Lewis Francis: Right.

Lea Alcantara: But if you’re trying to make this as a body copy font, then it’s not going to work, and what I like about Lea’s tool is you can actually press the Up key to just keep moving the color contrast a little bit higher or lower, depending to just tweak the shade enough, and it’s like a super easy way for you to just be like, “Okay, it’s still in the same shade range, what’s the better contrast?” And then you just play around with the arrow keys until it gets you the score [laughs] that you like while showing you a good preview of what that even looks like, so you’re not feeling compromised as a designer as well.

Lewis Francis: Did you find that painful when you first ran your tests?

Lea Alcantara: Well, yeah, because as a designer, you’re like, “This is how I want it to look.” [Laughs]

Lewis Francis: [Laughs]

Lea Alcantara: Well, there are some not just that, but there are branding reasons, right?

Lewis Francis: Right.

Lea Alcantara: Like there were choices in regards to why this particular direction is where it’s going, but sometimes you have to make concessions over, well, who’s my audience here? Specifically, we just put our presentation slides through a contrast checker because someone in the audience, the last time we presented, were like, “Hey, great content, but I couldn’t see your subheads.” It’s because it just wasn’t the right contrast for that particular person.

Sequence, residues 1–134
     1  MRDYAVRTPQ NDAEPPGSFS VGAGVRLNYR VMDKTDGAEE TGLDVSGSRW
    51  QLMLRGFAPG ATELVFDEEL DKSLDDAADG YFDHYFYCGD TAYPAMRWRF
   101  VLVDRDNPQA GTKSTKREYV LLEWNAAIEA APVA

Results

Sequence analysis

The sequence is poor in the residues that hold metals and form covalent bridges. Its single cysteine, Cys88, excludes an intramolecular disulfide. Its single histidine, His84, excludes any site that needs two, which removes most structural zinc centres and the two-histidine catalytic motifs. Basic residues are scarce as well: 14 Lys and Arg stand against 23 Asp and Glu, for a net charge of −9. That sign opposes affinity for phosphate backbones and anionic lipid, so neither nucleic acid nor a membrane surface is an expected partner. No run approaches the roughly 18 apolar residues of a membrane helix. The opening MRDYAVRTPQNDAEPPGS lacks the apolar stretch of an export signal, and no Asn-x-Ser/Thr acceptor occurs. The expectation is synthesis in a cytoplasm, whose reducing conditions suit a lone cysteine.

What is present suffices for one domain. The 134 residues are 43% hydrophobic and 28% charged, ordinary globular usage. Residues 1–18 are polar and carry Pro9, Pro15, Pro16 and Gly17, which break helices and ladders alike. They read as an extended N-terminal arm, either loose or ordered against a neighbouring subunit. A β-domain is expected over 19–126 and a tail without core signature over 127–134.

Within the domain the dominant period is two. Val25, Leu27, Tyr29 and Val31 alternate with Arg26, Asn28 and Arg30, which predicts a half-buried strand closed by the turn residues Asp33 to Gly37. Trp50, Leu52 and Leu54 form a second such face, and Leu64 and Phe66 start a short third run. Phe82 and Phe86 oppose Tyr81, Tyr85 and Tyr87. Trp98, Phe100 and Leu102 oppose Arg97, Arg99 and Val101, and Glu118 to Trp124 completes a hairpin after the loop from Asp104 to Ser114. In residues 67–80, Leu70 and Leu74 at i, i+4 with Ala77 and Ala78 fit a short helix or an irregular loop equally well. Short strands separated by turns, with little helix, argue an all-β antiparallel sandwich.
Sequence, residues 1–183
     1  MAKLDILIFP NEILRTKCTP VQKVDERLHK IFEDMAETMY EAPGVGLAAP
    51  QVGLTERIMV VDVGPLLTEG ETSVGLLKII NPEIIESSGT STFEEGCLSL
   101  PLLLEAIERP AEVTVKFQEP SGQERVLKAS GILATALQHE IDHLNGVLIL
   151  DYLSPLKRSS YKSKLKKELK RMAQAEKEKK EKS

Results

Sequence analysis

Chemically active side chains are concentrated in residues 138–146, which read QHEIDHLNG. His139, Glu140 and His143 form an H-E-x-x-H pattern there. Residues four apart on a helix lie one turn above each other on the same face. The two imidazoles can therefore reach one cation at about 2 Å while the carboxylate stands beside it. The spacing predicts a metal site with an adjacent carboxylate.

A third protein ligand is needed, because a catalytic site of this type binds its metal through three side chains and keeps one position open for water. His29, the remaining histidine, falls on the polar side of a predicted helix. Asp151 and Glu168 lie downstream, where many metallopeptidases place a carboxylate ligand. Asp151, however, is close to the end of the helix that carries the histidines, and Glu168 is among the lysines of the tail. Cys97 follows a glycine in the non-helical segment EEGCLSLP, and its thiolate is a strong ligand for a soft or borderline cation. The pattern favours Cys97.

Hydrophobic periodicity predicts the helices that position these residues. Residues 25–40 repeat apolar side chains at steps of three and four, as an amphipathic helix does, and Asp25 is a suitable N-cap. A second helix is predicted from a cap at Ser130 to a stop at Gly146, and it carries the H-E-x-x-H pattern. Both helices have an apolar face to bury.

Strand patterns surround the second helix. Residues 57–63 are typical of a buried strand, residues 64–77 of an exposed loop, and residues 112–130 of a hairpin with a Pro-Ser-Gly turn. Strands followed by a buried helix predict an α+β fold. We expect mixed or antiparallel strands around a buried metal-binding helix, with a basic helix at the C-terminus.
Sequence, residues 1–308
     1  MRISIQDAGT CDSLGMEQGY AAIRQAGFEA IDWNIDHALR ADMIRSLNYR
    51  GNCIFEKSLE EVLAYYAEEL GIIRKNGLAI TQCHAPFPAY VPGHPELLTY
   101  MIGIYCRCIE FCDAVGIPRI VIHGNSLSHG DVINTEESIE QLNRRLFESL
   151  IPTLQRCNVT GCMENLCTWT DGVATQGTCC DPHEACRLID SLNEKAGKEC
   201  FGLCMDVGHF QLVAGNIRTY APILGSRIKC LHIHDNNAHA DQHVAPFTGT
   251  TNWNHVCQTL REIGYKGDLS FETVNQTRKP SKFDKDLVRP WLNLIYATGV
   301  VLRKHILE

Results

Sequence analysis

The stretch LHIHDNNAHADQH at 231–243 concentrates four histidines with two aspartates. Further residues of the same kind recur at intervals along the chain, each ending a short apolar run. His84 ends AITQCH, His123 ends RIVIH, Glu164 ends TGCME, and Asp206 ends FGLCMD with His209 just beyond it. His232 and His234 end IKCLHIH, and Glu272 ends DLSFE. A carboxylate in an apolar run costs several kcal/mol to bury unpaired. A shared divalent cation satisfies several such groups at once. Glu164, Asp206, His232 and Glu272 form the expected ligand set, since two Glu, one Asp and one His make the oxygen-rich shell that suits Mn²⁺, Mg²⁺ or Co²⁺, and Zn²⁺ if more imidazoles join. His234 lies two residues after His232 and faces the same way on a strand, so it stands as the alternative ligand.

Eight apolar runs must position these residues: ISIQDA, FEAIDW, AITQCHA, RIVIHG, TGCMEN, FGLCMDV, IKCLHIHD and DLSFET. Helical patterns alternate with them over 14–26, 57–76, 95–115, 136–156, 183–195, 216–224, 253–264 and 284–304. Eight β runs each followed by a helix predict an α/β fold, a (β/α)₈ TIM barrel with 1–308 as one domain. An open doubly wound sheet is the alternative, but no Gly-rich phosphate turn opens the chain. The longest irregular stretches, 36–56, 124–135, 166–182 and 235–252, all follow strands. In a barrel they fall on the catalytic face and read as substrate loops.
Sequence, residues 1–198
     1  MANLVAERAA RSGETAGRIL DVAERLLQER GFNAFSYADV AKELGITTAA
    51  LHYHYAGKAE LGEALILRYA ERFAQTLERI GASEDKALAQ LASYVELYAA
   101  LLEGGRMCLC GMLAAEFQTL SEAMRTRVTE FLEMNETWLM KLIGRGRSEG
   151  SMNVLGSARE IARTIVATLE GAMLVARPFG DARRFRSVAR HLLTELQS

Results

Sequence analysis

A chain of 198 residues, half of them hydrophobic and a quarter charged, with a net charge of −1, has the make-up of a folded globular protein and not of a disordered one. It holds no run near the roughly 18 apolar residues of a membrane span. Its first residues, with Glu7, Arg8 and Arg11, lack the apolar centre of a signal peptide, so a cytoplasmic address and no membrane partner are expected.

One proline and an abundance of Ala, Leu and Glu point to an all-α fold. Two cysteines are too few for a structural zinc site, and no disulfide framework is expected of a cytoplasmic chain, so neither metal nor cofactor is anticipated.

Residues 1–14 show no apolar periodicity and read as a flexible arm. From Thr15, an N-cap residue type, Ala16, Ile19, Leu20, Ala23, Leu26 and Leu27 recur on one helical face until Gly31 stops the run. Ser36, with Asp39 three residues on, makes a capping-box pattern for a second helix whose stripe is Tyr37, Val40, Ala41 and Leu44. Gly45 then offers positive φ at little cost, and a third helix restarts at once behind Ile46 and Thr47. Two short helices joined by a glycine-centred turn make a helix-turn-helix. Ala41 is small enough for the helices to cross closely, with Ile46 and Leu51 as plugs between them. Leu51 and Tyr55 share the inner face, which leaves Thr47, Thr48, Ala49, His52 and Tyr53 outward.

Lewis Francis: [Laughs]

Emily Lewis: [Laughs]

Lea Alcantara: And so you can’t ignore that, how many other people don’t actually come up to you and say that? When you are trying to convey important pieces of information, you don’t want that to be a stopping point. So I thought having that type of discussion, having that flagged was really important and having these types of tests, even just like as a little check and to understand the concessions you’re making is really important.

Lewis Francis: Right, right. As a 56-year-old, I have an investment in legibility. Yeah, as I get older, I find that small type is just really tough to read.

Lea Alcantara: Right.

Lewis Francis: So yeah, it’s a personal thing that helps me too. It makes me keep everyone honest.

Emily Lewis: [Laughs] I’m curious, Lewis, that was some of the things that Lea has learned with design, and you mentioned that what your designers do and how it’s a difficult experience for them that first time to sort of learn where their solutions don’t exactly align with the requirements, but what about when you get into development, what are some of the tools your developers are using to QA their code, especially for things like WCAG or 508 or even just coding standards with semantics or whatever?

Lewis Francis: Well, our guys and girls do pretty much the same thing that I do. We have access to the same tools, and I think they’re getting to the point where they’re able to automate some of their tests as they come in to their code bases. Yeah, I can’t really think of anything that’s particularly different than what I do.

Timestamp: 00:20:09

Emily Lewis: And some of those examples, you had sent us a couple of links in advance of our call today, about apps and different browser-based tools that you use yourself. Are there some ones that are just super favorites that you always go to?

Lewis Francis: Well, like I said, PowerMappers’ SortSite is really my main go-to. That’s my workhorse. That particular program, it’s available for Mac and PC, and I think there’s actually an online version as well, it will crawl through the site, and depending on the configuration that you’ve set up, it will run validation tests, Section 508, WCAG 1 and 2, Levels 1, 2 and 3 and validate your CSS, your HTML, spellchecking, which is wonderful, except when your site is still populated with lorem ipsum.

Emily Lewis: Lorem ipsum. [Laughs]